In Tanzania I saw sick children with runny noses a parent never wiped or distended bellies, some carrying bundles of sticks on their heads as they walked in the red dust of the African roadway. I had received a multitude of shots to keep away such diseases as typhoid and yellow fever, and I received a booster to protect me from the various forms of dysentery that plagued the African people.

In Tanzania I saw Masai children covered with flies, especially around their noses, eyes, and mouths, and they made no effort to brush off the insects, so used to their presence they had become. I slept under a mosquito netting and enjoyed a home with screens on the windows and on the doors. And still we had cans of bug spray and fly swatters.

There was more. That good road to Tanga, the second largest town in Tanzania at the time, which passed through Korogwe, made it possible to go to stores from time to time where we could buy some of the foods we would have considered staples in the US.

In Korogwe we enjoyed an abundant supply of water, no small feature in itself, but the water also made growing fruits and vegetables possible year round whereas in southern Tanzania, the dry season was very dry. People might find the only vegetable in their markets for months was cabbage.

I could go on. But the point isn’t to make a case for how poor Tanzania was or how much better Korogwe was than other parts of the country. The fact is, I could repeat a similar list for Guatemala where I spent three years or for Mexico where I spent a summer or for Greece, Italy, the Netherlands, even England and Japan where I’ve spent some short amount of time.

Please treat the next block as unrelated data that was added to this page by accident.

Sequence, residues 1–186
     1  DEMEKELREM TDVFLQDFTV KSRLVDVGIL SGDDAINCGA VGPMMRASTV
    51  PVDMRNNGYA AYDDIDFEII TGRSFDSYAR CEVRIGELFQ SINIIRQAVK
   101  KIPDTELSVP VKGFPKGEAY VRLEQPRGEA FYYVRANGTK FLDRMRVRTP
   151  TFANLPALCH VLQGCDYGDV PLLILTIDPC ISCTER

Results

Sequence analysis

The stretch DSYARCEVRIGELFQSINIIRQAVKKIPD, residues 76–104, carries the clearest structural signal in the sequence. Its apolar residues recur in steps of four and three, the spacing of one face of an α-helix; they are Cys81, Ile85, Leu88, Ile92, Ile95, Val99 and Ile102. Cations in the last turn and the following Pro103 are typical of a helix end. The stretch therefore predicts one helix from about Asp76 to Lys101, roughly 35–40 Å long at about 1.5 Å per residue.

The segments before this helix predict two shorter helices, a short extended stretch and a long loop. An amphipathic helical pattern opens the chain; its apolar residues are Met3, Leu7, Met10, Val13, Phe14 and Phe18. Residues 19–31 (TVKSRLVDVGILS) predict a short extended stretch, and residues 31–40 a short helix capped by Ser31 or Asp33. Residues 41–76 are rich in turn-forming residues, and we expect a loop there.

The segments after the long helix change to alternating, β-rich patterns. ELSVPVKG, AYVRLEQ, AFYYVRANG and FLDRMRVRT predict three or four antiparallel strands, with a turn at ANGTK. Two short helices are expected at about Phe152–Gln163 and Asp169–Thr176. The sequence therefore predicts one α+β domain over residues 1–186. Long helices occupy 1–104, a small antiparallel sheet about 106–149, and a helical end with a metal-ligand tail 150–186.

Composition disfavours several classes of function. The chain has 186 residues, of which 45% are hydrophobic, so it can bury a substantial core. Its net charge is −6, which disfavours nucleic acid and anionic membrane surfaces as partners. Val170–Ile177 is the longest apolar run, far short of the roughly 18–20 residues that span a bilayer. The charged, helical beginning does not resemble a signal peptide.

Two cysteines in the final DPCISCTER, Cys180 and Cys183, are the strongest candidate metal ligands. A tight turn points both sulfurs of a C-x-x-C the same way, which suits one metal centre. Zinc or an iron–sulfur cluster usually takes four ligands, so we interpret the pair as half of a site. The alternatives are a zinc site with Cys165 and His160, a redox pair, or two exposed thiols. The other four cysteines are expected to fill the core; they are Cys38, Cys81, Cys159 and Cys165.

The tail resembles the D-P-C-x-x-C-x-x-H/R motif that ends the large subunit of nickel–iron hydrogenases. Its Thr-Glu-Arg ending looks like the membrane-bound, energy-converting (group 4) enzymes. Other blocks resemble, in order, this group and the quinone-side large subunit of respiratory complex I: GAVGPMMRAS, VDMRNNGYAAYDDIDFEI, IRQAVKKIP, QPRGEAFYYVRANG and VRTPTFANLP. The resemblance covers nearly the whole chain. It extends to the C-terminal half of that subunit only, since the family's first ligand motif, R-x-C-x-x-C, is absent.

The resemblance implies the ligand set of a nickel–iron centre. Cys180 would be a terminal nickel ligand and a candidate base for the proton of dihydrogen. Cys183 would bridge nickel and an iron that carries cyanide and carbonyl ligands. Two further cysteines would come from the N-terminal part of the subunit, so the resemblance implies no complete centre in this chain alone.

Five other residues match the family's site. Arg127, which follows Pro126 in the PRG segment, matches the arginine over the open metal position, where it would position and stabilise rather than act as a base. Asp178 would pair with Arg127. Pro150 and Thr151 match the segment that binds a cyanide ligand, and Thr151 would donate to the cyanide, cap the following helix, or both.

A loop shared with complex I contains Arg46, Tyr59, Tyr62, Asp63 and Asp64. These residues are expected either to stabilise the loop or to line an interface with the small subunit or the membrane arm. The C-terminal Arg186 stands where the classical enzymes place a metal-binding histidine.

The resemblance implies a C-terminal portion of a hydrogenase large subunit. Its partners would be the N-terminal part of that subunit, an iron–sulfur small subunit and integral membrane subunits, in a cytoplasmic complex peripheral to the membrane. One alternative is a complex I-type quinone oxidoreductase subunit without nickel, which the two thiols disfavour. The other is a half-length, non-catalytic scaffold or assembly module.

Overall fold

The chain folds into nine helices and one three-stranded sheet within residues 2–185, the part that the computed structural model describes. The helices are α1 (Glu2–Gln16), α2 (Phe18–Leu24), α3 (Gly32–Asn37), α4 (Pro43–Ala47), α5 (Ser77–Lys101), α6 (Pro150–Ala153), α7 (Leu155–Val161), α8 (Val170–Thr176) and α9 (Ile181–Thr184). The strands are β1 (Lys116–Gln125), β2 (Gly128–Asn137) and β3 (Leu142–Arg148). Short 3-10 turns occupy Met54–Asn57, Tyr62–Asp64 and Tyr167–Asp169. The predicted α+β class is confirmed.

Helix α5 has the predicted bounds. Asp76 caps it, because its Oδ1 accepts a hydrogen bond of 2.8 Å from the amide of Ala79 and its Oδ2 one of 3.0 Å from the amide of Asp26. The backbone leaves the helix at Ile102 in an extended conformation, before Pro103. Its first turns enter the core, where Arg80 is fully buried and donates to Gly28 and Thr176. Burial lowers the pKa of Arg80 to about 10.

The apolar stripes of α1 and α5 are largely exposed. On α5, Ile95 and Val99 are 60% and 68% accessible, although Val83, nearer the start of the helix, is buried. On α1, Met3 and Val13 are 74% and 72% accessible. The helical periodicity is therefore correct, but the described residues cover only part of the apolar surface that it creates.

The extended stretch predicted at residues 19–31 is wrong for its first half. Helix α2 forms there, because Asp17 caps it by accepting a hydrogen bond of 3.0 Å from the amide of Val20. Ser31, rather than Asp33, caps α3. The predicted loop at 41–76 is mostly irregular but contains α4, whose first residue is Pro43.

I could repeat the list for places here in the US, too.

But up until I was seventeen and spent that year in Tanzania, I didn’t realize I enjoyed abundance. I wore hand-me-down clothes and never owned a bike, though I wanted one desperately. My family drove used cars and bought furniture at Goodwill. We weren’t rich, but we had an abundance.

I think true thankfulness might not be possible until you realize what abundance you have. How many of us are thankful for our health . . . until we get sick? Or for our friends until they move away. Or for our jobs until we lose them.

Simple FieldNot having and then having, or having and then not having provides the contrast that wakes us up to abundance. Seeing others not have when we have can do the same thing. Or it can create a defensive, hording mentality—I never want to be without, like those people—in the same way that seeing others have when we do not, can create envy and greed.